The American Society for Gastrointestinal Endoscopy Quality Assurance in Endoscopy Committee's Three Priority Quality Indicators for Screening Colonoscopy Services
Colorectal cancer is the third most commonly diagnosed cancer in men and women in the United States. Small polyps are slow to grow and turn to cancer, which provides time for screening and removal of the precancerous polyps so that colorectal cancer is prevented. Quality colonoscopy services are essential to ensure all polyps are found and removed as the final step of colorectal cancer screening. The American Society for Gastrointestinal Endoscopy Quality Assurance in Endoscopy Committee developed quality indicators for colonoscopy services. The Committee prioritized 3 quality indicators for screening colonoscopies: the frequency of (1) adenoma detection in asymptomatic patients at average risk; (2) adherence to the surveillance intervals for postpolypectomy, postcancer resection, or the 10-year interval for the average-risk patients with good bowel preparations who had negative colonoscopies; and (3) visualization of the cecum by notation and landmark photographic documentation. Gastroenterology nurses, endoscopists, and the quality management team can use the Plan-Do-Study-Act method of quality improvement to meet the established performance targets and prevent interval cancers.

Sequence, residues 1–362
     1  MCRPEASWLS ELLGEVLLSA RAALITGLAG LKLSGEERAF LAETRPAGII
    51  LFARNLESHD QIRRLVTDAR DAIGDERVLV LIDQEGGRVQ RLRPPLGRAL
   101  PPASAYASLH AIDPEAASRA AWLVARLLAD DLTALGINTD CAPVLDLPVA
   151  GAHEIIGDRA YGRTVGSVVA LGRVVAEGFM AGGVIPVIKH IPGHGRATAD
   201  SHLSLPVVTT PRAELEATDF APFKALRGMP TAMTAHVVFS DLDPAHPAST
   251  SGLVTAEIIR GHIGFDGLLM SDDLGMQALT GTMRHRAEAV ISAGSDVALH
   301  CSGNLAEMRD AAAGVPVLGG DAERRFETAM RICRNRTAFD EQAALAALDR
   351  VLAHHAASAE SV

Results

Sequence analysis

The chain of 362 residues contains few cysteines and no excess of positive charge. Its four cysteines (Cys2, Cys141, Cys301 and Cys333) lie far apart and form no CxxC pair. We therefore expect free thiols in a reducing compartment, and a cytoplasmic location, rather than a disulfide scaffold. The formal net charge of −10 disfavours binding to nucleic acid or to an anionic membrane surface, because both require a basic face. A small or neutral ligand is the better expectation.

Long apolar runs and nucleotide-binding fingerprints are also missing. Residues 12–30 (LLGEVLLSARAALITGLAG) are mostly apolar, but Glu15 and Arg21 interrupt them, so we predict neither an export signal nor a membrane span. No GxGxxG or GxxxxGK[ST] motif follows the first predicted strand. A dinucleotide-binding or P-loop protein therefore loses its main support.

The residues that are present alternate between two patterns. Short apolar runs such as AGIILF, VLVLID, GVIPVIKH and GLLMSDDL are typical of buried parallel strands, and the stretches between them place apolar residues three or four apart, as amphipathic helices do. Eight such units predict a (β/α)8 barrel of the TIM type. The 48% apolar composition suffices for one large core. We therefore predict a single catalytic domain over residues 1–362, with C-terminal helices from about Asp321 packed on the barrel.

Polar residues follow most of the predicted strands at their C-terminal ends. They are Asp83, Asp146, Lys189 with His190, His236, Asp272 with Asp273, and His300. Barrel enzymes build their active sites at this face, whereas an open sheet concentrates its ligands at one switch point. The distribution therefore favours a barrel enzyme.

Morrow, L., & Greenwald, B. (2022). The American Society for Gastrointestinal Endoscopy Quality Assurance in Endoscopy Committee's three priority quality indicators for screening colonoscopy services. Gastroenterology Nursing: The Official Journal of the Society of Gastroenterology Nurses and Associates, 45(6), 407-409. Doi: 10.1097/SGA.0000000000000675